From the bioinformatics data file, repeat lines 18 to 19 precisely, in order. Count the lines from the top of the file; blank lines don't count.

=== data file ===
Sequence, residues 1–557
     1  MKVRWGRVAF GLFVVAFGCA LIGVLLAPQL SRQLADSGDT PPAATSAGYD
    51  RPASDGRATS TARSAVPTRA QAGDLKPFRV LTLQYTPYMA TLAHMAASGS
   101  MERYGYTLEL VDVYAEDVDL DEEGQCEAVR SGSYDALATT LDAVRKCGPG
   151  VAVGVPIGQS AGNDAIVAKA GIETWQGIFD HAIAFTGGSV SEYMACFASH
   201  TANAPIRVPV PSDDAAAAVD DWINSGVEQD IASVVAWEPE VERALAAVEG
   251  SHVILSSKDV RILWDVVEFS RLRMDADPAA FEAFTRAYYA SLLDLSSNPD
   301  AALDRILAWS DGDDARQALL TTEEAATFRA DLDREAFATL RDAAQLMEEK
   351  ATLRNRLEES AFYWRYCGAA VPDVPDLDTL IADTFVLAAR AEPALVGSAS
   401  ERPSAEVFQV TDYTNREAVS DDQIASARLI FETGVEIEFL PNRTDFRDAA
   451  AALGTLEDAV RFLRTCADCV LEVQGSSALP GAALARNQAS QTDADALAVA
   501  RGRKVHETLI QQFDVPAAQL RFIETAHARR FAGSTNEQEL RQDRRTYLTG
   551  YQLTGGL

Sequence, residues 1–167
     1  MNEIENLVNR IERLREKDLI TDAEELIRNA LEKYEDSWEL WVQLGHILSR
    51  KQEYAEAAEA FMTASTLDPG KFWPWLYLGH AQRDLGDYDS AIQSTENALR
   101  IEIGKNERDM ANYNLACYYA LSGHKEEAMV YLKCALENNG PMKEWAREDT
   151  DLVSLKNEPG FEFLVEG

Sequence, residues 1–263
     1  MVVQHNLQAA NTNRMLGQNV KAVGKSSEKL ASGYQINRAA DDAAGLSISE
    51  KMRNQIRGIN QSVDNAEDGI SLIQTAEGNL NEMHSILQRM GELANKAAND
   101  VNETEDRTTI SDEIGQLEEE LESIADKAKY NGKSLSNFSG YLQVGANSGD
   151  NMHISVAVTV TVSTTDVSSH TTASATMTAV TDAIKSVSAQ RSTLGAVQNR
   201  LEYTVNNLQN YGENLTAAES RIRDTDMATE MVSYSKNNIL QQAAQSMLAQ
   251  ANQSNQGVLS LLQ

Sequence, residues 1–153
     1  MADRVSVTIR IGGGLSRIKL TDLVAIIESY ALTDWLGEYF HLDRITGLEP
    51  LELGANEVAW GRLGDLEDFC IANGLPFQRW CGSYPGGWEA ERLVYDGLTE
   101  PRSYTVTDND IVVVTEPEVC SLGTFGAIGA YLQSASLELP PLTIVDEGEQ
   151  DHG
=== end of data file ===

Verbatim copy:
   151  DLVSLKNEPG FEFLVEG

Sequence, residues 1–263